In the 19th century, yellow-green chrysoberyl was commonly known as chrysolite, a term also used to refer to peridot. This name is no longer used. Peridot and chrysoberyl are distinct gem species. Despite their names, beryl and chrysoberyl are also distinct species (though they do both include in their chemical makeup the rare element beryllium).
All varieties of chrysoberyls have been synthesized. Non-chatoyant chrysoberyl stones have been flux grown since the late 19th century. They have also been created with melt processes as well as hydrothermally. Cat’s eyes have been synthesized since the 1970s and have been available commercially since the 1980s. The synthetic chatoyant stones can be distinguished from their natural counterparts by: 1. their undulating needle inclusions (natural chrysoberyls have parallel needle inclusions), 2. a lack of other typical inclusions, and 3. a weak yellow fluorescence in shortwave ultraviolet light.
See the alexandrite gem listing for more information on its synthesis.
Consult a professional gemological laboratory to distinguish synthetic from natural chrysoberyls.
See the gem listing for alexandrite for more information on that chrysoberyl variety.
- Russia: alexandrite of finest quality in mica schist, near Sverdlovsk.
- Australia (Anakie, Queensland): yellow-green chrysoberyl.
- Brazil (especially Jacuda, Bahia): fine facetable material; also cat’s eyes, alexandrite.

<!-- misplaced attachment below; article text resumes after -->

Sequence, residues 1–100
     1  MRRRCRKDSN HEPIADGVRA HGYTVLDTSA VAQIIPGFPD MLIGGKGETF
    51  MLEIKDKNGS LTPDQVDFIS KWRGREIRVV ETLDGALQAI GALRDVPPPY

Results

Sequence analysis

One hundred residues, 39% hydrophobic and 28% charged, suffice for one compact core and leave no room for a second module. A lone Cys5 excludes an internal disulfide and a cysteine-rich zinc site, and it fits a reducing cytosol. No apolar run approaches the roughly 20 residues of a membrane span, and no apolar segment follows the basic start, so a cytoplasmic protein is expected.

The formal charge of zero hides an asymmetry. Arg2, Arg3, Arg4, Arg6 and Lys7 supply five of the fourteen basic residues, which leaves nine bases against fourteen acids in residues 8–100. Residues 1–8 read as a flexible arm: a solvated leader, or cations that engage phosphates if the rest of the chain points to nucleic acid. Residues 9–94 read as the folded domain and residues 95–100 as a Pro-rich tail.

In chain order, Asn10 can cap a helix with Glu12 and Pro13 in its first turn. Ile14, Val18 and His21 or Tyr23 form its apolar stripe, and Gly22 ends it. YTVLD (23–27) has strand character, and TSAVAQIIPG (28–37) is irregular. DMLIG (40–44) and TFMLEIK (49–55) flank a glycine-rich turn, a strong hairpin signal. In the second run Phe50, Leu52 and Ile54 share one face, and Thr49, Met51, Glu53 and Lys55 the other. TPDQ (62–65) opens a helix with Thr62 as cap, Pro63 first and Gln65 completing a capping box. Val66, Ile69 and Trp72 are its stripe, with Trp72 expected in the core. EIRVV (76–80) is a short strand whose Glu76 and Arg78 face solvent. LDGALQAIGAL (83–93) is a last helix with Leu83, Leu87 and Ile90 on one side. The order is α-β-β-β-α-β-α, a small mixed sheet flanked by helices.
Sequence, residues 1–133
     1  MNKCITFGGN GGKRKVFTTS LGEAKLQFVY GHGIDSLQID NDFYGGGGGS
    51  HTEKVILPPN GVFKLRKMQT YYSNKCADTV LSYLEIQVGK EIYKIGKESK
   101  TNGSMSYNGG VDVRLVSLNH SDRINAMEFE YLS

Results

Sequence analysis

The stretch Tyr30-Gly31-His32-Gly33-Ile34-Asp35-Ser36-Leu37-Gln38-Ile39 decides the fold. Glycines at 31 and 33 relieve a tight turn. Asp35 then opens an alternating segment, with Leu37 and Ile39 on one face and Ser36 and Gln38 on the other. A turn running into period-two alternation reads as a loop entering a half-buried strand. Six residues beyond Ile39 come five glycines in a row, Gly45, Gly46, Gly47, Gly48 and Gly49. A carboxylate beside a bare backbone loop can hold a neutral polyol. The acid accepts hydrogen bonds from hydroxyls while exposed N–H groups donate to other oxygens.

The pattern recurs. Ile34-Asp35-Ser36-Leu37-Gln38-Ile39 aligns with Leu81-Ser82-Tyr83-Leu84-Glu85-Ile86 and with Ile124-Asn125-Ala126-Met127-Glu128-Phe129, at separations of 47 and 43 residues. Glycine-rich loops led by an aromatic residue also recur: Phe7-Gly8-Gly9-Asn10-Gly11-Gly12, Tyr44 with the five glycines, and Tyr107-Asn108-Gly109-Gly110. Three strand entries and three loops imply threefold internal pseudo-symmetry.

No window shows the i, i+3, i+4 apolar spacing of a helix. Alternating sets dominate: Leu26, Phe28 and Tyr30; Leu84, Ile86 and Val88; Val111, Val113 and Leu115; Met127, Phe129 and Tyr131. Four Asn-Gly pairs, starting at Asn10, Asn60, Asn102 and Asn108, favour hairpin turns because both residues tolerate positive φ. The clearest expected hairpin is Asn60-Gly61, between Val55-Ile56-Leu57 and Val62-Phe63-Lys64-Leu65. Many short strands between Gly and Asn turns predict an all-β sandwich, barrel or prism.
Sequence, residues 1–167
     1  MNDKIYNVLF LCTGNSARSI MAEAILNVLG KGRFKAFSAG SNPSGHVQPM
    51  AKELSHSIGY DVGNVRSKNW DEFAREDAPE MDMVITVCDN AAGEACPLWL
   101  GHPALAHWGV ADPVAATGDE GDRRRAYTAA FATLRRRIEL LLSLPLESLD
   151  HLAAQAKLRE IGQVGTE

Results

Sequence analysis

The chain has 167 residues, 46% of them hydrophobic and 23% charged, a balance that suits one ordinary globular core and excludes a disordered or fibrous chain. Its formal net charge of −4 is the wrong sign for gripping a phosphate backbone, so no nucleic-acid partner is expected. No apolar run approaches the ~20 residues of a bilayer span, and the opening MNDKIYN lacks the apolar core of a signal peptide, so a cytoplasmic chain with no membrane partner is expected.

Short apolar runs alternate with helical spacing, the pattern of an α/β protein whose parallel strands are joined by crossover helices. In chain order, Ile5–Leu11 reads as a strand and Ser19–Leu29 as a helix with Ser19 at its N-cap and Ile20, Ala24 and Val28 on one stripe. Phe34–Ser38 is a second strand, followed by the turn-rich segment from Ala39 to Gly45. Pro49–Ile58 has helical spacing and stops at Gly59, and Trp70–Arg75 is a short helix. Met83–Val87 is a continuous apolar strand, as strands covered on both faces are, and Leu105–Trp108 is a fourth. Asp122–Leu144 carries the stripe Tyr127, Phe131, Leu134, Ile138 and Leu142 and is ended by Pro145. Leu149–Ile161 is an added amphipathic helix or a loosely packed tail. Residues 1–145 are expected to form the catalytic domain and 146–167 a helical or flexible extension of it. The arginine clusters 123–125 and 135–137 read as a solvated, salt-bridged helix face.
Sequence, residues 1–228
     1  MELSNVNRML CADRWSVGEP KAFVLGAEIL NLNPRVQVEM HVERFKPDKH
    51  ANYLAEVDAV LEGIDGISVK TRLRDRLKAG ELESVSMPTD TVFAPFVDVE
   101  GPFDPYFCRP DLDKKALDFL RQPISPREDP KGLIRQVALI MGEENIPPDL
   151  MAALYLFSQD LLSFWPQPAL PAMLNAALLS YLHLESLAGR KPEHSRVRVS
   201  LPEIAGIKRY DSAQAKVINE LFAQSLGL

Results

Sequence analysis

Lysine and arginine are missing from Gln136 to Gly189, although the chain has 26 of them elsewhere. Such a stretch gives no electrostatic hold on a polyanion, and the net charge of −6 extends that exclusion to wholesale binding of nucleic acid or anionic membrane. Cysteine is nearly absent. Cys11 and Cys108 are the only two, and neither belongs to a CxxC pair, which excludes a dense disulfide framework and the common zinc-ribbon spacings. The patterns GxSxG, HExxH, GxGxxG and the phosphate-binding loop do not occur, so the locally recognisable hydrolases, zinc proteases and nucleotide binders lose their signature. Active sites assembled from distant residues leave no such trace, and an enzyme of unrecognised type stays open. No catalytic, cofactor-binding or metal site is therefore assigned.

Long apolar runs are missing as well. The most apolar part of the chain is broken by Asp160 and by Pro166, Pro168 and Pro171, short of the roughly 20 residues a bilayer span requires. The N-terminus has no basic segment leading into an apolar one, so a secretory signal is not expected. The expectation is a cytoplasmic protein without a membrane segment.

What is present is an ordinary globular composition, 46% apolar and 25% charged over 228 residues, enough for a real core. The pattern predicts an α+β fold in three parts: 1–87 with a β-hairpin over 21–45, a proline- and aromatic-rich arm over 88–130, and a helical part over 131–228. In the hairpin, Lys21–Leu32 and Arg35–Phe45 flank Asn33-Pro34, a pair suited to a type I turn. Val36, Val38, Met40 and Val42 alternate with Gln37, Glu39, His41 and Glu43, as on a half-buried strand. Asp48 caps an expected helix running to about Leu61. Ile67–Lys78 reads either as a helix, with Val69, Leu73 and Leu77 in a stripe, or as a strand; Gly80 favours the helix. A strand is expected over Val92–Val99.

- India: cat’s eyes with sillimanite fibers, from Kerala.
- Myanmar: some alexandrite; rarely colorless facetable chrysoberyl.
- Sri Lanka: all types, some of the world’s finest cat’s eyes, also alexandrite; faceting material all colors, rarely colorless.
- Zimbabwe: fine alexandrite, intense color change.
- USA: Colorado, Connecticut, Maine, New Hampshire. New York, South Dakota.
- Finland; Japan; Madagascar; Zaire.
Facetable chrysoberyl is known up to several hundred carats. Cat’s eyes of similar size have also been found. Star chrysoberyls (displaying asterism) are known but very rare. Faceted gems over 40-50 carats are very rare.
The world’s largest cut cat’s eye is “The Eye of The Lion,” a 465-ct oval cabochon from Sri Lanka. This dark, greenish yellow gem was cut from a piece of rough weighing over 700 carats.
The world’s largest faceted chrysoberyl is a 245-ct flawless oval, slightly yellowish green, from Sri Lanka.
- British Museum of Natural History (London): 29.4 (Sri Lanka, yellow-green); 45 (The Hope chrysoberyl, flawless oval cat’s eye).
- Royal Ontario Museum (Toronto, Ontario, Canada): 42.72 (Sri Lanka, chartreuse green)
- American Museum of Natural History (New York): 74.4 (emerald cut, yellowish green, may be world’s finest of this color).
- Smithsonian Institution (Washington, D.C): cat’s eyes: 171.5 (Sri Lanka, gray-green); 47.8 (Sri Lanka); 58.2 (The Maharani, Sri Lanka); faceted: 114.3 (Sri Lanka, yellow-green); 120.5 (Sri Lanka, green); 46.3 (Brazil, yellow-green); 31.7 (Sri Lanka, brown); 6.7 (Brazil, dark green star).
- Iranian Crown Jewels: 147.7 (Sri Lanka, chartreuse); 25 (gray-green cat’s eye).
- Private Collections: Cat’s eyes up to 300 carats are in private collections. Stones reported include a flawed 185-ct yellow Brazilian gem; a superb 120-ct yellow Brazilian gem in a Japanese collection; and a 79.30-ct brown Sri Lankan oval and a 66.98-ct flawless yellow Brazilian stone in a U.S. collection.
Chrysoberyl is a very durable stone suitable for any jewelry setting. (Care should be taken when faceting the stone, since it’s sensitive to knocks and extreme heat). No special care is required for these gems. They can be cleaned mechanically, per the instructions of the machine to be used, or, of course, with warm, soapy water and a brush. Consult our gemstone jewelry cleaning guide for more information.